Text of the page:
Latest in my series of unusual and often forgotten (and often deservedly so) means of varying ratios is the Beier variable ratio gear, or CVT as we’d call it today. It was designed by a Herr Beier, an Austrian gent whose name would therefore rhyme with Mayor, more or less.

Here’s a diagram, which unfortunately tells us absolutely nothing without a bit of explanation.

We’ll start by looking to the right. The sketch shows two shafts, each of which is equipped with several discs. The lower shaft provides the output and has discs which are able to move axially and are pressed together by the spring visible to the right. Each disc is machined so that the rim is its thickest part. In section then the rims look somewhat like jaws. The upper, input shaft has discs which interleave with the output ones and which are slightly conical in section with surfaces which are about 3 deg to the vertical. To proceed the input shaft is brought closer to the output shaft so that its discs force themselves between the output discs and come into contact with their raised rims. The output discs, we remember, are able to move along their shaft against spring resistance. The input discs are now able to turn the output discs, initially at approximately a 1:1 ratio. Now we can move the input shaft further towards the output, as shown on the left hand side of the shaft. The input discs still maintain contact with the raised rims of the output discs, but the contact point has now moved closer to the input shaft and the effective diameter of each input disc has now decreased. In simple terms a small wheel is now turning a bigger wheel and so reduction gearing has been set up. Continue to move the input shaft closer and the gearing reduces still further.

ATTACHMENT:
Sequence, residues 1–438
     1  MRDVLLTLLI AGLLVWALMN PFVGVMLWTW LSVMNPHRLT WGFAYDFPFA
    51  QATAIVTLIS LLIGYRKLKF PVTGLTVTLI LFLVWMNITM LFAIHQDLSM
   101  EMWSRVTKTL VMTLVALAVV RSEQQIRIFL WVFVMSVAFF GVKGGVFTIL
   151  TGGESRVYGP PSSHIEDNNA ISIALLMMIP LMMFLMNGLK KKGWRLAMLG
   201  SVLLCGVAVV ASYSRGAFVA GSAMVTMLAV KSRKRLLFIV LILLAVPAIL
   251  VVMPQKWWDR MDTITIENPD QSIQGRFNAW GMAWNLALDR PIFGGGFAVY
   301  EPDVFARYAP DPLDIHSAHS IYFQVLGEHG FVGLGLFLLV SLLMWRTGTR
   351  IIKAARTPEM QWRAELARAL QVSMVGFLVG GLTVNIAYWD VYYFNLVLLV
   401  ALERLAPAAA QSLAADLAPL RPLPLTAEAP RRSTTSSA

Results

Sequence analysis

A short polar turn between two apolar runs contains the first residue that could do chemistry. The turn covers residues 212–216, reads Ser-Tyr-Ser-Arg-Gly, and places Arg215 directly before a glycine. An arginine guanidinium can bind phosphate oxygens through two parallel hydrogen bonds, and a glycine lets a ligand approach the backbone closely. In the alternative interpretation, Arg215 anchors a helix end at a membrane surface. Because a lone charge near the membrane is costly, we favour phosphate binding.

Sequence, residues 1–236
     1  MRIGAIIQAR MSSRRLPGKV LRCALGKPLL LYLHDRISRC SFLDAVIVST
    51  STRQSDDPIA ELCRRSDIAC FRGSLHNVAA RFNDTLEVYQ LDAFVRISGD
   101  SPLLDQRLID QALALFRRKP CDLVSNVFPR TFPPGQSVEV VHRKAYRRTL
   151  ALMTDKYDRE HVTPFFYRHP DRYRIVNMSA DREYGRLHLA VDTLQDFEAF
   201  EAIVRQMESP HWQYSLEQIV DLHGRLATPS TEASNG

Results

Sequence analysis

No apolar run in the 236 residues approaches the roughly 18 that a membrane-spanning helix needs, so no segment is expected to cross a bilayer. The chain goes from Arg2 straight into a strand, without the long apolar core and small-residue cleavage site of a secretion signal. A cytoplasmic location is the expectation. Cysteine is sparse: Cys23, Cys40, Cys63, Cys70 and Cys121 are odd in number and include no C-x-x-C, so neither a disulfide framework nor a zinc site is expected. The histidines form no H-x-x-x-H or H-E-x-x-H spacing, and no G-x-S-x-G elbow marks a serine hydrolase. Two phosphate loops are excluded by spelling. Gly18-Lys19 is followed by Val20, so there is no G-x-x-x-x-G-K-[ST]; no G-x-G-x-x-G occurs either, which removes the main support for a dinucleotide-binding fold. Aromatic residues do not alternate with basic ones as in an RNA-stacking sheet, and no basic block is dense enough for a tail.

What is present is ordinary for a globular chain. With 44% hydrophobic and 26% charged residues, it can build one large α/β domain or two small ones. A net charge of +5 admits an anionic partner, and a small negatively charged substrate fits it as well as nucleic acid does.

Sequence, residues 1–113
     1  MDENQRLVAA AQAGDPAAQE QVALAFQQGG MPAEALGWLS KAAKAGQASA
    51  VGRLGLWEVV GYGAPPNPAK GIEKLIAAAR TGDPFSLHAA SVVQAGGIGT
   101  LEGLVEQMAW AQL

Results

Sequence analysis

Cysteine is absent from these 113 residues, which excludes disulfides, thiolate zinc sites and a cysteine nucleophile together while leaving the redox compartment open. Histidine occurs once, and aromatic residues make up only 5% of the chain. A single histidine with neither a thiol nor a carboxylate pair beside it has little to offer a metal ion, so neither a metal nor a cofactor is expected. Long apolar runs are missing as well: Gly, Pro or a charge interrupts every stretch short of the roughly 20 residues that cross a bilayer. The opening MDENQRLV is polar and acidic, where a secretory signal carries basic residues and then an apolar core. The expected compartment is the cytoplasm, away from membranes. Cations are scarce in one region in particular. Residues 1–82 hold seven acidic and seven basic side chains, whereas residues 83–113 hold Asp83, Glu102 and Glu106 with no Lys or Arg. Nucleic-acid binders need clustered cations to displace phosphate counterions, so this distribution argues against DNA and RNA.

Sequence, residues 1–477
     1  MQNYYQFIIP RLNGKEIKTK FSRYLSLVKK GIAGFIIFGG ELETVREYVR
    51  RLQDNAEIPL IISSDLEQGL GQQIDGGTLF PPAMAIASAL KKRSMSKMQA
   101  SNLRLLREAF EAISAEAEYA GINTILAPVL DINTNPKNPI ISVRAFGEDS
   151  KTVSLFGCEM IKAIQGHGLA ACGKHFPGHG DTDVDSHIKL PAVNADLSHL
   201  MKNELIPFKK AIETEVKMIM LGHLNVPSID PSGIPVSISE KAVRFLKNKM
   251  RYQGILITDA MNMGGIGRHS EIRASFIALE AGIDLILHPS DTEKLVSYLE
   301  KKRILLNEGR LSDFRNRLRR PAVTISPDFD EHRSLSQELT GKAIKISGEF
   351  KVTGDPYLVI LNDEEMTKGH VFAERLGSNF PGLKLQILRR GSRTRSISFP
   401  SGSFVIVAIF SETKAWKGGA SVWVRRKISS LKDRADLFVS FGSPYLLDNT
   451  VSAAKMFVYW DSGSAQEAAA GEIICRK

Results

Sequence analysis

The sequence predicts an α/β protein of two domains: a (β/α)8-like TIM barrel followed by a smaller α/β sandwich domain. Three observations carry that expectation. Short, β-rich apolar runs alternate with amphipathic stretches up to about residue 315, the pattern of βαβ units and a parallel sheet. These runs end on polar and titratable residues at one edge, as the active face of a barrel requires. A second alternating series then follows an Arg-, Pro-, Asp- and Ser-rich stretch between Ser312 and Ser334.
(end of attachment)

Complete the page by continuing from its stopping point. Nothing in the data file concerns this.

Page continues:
As each disc can transmit only very limited torque there are many discs and (not shown in the diagram) typically three input shafts clustered around the output shaft.

What’s not obvious is that the discs were not in mechanical contact with each other as oil jets endured that there was a thin film of oil between them which transmitted the torque.

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Beier drives are used with electric motors, and more exotically they featured on the Napier Nomad two stroke opposed piston turbocompound diesel (with afterburning) aircraft engine from the 1950s.

The Beier drive was used on buses early in the 20th century but so far as I know nobody has tried it for automotive use since except Citroen who designed their own take on it in the early seventies with the aim of using it on the GS. Nothing came of it.